A Year of Full-Time Writing or: How I Learned to Stop Worrying and Love My Daily Structure

Well, I’d been dreading it for a while, but I finally bit the bullet and… rearranged my books and stories page.

Not such a colossal undertaking, I suppose, but one I kept putting off nonetheless. It’s a little more intuitive now, I think. Still divided by novel vs. short fiction, but with my recent releases closer to the top for easier discovery, and a whole new section just for highlighting the newest, shiniest thing I’ve put out. (Pssst, I’ve just put out a story today, and you should totally check it out!)

It might not be the fanciest of such pages on the net, but I think it’ll work for the time being. Should be easier for me to keep up-to-date, too. So I can check that off the Neverending List of Dreaded Chores and skip along to the next task.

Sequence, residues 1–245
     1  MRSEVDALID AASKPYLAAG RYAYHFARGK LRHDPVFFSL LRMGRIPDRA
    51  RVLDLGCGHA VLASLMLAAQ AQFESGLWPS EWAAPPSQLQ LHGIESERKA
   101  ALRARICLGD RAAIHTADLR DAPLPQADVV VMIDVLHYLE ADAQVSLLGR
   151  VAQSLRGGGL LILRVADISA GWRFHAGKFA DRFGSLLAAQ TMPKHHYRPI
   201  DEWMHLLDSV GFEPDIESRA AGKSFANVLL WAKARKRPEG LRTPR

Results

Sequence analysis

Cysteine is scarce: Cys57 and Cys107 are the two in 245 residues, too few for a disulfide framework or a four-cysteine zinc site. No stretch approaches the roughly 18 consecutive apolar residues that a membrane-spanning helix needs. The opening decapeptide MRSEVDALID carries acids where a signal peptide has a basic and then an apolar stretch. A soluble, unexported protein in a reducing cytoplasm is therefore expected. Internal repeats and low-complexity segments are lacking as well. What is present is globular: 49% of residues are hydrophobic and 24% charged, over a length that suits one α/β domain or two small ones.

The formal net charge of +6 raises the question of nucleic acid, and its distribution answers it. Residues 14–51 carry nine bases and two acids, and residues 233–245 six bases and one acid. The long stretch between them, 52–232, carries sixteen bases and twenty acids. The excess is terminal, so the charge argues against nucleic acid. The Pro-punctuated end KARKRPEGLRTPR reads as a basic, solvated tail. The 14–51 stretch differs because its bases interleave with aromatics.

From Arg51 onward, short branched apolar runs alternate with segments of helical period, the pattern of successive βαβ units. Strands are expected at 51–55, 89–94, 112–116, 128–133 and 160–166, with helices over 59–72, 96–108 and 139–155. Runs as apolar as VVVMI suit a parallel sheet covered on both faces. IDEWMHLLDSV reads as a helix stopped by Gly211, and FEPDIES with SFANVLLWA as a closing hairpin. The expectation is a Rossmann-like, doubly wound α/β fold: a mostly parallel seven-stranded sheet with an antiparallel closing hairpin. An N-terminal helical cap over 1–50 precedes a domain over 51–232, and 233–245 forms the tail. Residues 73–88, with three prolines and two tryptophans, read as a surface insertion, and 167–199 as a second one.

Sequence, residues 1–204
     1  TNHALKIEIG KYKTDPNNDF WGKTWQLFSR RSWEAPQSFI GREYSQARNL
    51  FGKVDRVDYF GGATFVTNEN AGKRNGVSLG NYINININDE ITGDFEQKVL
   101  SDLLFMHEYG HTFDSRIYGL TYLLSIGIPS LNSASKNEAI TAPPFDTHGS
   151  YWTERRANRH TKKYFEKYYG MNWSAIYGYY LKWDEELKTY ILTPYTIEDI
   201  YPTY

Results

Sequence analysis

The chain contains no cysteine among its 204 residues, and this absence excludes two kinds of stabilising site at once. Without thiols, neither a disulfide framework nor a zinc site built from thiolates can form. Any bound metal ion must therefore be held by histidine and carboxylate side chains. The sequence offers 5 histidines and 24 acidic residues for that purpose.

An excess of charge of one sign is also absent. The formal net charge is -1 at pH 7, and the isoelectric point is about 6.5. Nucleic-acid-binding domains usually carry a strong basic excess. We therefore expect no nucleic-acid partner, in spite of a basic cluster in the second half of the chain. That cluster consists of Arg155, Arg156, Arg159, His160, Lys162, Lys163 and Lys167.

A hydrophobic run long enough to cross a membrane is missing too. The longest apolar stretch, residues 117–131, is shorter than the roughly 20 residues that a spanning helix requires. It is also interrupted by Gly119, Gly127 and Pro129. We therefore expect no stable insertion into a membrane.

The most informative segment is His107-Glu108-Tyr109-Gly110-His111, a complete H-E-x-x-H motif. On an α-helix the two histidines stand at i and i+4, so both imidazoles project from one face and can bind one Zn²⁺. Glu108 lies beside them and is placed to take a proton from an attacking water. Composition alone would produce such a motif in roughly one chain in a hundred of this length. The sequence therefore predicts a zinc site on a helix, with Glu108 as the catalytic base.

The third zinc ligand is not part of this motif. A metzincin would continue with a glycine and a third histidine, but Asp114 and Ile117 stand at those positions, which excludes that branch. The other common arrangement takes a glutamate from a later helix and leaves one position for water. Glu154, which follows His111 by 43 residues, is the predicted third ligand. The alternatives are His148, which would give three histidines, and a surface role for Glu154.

The Husband and I made some changes to our lives last year, including moving to a new house in a neighborhood that suits our lifestyle and values much better, lessens his commute by at least half (thus giving him back a huge chunk of time that he used to spend dodging idiot drivers and white-knuckling through Michigan infrastructure), and allows me to work from home. These changes have made such a huge impact on our happiness and quality of life, it can sometimes make the time before the move seem like a dream out of someone else’s life.

So, my first year working as a (essentially) full-time writer wrapped up about a week ago. It’s taken me pretty much all of that time to really figure out how that was going to work for me. I’ve kind of ended up focusing on a lot of short fiction this year, doing various stories for a variety of bundles and other markets, and using those smaller projects to hammer out the kinks in my daily, weekly, and monthly work schedules.